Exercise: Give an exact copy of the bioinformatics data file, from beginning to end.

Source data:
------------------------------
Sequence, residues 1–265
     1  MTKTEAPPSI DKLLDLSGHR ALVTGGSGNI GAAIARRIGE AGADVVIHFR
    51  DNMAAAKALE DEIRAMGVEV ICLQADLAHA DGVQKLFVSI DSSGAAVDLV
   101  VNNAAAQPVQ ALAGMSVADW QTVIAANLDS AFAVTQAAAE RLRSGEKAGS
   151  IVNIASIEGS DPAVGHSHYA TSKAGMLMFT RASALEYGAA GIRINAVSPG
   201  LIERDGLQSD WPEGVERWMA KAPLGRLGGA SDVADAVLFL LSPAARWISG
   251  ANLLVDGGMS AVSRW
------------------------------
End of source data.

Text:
Sequence, residues 1–265
     1  MTKTEAPPSI DKLLDLSGHR ALVTGGSGNI GAAIARRIGE AGADVVIHFR
    51  DNMAAAKALE DEIRAMGVEV ICLQADLAHA DGVQKLFVSI DSSGAAVDLV
   101  VNNAAAQPVQ ALAGMSVADW QTVIAANLDS AFAVTQAAAE RLRSGEKAGS
   151  IVNIASIEGS DPAVGHSHYA TSKAGMLMFT RASALEYGAA GIRINAVSPG
   201  LIERDGLQSD WPEGVERWMA KAPLGRLGGA SDVADAVLFL LSPAARWISG
   251  ANLLVDGGMS AVSRW